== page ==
A Little About us
The Hutchison congregation was formed in 1842 as the Greenwich Methodist Episcopal Church South. They met in the Greenwich Academy located in the rear of the S.A. Piper house on Greenwich Road, now Ferguson Road. This was the first school in the Hutchison Precinct. James S. Jacoby was a trustee of the school and continued until the Hutchison congregation and school moved to the Hutchison Road area.
The second location of the congregation met in the new one room Hutchison Academy of 1851, near Houston Creek. The school was dedicated by the Rev. J. D. Matthews of Lexington and the Rev. T. D. Wardlow, Pastor of the Hutchison congregation. The trustees who organized the school were Martin Hutchison, Aaron Smedley, and Fletcher Willmott. The Hutchison community was named after Martin Hutchison who built the first house, store, and blacksmith shop. He and his wife, Amanda, were also the postmasters. Lucy Snell's father, William Kenney Thomas, taught at the school for ten years. Lucy, member and organist, played for our church many years before passing away in 2016.
According to Methodist Church history, pastors in the rural community were circuit riders. In order for congregations to pay them, schools were built not only to help pay the pastors but served as the place for people to meet for worship service.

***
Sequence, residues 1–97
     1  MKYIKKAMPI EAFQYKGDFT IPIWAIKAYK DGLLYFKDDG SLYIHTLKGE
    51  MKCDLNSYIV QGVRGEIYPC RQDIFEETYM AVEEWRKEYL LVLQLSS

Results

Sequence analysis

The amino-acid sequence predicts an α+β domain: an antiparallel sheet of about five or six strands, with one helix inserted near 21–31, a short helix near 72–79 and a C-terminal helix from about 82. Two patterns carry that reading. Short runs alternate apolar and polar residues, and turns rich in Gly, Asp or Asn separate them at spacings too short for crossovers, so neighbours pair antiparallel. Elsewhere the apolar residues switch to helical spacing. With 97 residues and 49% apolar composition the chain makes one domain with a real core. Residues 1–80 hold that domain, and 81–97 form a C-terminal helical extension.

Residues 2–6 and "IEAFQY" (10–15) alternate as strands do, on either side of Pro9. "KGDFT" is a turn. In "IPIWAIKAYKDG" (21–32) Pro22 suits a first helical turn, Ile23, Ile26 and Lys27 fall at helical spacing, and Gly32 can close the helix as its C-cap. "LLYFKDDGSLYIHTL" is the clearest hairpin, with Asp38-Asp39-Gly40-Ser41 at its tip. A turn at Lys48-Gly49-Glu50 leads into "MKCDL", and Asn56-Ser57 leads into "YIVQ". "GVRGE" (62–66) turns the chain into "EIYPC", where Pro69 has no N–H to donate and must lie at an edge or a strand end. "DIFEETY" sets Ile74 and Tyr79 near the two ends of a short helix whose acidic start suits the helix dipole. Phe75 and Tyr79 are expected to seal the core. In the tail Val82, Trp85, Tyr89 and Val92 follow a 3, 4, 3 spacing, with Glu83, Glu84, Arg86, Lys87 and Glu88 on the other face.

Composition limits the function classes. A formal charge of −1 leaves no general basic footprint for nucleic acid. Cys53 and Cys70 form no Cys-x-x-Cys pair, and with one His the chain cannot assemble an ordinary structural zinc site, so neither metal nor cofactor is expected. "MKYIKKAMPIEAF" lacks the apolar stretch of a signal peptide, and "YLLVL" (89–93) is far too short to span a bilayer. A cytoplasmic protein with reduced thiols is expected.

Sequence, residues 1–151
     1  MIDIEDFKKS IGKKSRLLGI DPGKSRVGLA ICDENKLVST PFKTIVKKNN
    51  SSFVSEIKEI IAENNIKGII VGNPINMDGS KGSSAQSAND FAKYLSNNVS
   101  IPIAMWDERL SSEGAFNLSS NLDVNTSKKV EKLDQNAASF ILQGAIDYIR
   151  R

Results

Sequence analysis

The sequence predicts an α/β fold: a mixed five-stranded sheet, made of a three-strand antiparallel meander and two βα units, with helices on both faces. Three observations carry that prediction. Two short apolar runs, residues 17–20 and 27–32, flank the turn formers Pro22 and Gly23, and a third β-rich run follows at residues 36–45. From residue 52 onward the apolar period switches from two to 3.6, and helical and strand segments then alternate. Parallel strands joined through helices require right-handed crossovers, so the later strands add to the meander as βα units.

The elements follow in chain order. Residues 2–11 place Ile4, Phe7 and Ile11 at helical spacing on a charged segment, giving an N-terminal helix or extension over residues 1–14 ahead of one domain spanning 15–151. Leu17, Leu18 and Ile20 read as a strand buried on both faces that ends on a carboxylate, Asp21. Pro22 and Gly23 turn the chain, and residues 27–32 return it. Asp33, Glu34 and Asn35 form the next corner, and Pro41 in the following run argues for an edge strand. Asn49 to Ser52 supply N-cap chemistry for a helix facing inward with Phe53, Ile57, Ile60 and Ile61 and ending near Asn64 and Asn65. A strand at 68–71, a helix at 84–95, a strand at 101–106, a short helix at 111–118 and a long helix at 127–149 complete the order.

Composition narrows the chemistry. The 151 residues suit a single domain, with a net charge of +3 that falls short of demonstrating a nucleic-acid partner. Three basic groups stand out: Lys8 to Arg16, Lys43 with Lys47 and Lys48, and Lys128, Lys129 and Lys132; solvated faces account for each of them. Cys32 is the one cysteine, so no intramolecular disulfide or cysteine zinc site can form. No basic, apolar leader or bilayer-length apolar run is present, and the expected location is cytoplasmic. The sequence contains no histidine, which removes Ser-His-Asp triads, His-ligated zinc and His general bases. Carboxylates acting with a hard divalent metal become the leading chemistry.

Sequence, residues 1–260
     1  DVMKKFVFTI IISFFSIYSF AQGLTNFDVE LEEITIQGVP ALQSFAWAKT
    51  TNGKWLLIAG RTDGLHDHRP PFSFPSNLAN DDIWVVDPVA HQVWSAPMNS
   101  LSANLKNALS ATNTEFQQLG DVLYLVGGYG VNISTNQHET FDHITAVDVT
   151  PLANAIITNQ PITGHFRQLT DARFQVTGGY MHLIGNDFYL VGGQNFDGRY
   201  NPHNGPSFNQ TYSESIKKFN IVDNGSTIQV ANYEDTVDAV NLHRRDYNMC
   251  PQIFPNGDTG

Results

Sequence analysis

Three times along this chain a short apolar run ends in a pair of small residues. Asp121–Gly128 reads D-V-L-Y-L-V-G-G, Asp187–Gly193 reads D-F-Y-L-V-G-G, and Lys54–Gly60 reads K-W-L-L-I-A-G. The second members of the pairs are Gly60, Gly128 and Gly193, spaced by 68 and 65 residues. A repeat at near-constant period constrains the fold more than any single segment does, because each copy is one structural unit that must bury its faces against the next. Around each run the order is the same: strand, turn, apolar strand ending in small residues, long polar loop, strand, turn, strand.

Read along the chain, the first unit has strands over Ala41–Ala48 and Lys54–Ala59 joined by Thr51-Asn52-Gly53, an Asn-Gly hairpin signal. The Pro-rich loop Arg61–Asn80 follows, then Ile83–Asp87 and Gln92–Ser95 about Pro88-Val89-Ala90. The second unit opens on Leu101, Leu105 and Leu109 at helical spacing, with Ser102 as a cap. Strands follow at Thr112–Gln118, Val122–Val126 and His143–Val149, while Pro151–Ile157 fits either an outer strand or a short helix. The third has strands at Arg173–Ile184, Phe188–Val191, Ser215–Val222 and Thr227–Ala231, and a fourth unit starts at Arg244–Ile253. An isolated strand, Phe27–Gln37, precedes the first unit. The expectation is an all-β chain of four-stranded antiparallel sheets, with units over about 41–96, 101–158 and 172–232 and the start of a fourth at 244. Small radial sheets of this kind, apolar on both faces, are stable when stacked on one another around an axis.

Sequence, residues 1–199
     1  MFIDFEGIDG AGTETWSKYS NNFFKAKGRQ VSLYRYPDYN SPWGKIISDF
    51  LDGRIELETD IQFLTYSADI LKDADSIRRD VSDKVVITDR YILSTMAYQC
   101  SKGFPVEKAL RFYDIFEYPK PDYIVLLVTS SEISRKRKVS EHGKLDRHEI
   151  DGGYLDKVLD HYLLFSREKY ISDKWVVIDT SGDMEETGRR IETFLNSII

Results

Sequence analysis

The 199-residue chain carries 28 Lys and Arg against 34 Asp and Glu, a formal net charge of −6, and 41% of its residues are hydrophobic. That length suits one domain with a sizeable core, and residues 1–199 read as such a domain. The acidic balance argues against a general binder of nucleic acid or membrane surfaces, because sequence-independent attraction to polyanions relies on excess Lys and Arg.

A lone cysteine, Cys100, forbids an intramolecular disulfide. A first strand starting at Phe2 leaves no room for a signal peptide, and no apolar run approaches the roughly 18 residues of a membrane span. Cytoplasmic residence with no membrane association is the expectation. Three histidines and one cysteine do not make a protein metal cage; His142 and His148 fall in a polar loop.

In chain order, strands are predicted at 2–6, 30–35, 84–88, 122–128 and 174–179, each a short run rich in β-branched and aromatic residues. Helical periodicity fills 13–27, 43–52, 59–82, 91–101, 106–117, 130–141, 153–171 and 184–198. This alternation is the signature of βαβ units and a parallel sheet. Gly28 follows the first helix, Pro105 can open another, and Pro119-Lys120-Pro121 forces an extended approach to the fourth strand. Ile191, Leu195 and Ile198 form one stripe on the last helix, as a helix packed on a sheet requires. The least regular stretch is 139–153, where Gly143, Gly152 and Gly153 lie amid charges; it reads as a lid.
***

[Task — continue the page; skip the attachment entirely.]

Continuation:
On May 13, 1876, Amanda R. Hutchison, widow of Martin Hutchison, deeded land next to Hutchison Academy on Houston Creek to congregation trustees, J. Smith Kenney, J. S. Jacoby, J. M. Case, Frank Wood, and Jacob Jacoby. The Methodist Episcopal Church South congregation built the Hutchison Chapel completed in 1877. Sadly, the church building burned prior to April 1913, but the congregation regrouped their faith and energy.
On April 7, 1913, M. R. Jacoby and his wife Emma M. Jacoby deeded two acres including a parsonage next to the current church building to the trustees Joseph Jacoby, George Jacoby, and J. W. Case for cash in hand of $1,515.00. The current Hutchison Chapel was rebuilt, as a single-vessel brick church with now rare smoked glass Gothic windows. The parsonage on the right side was sold off in 1963.
In 1939, the Methodist Episcopal Church South became The Methodist Church, and in 1968, a merger with the Evangelical United Brethren Church resulted in the current United Methodist Church. The educational wing to the current building was added in 1986, and a picnic shelter built later. The sanctuary was remodeled with a side entrance in 2004.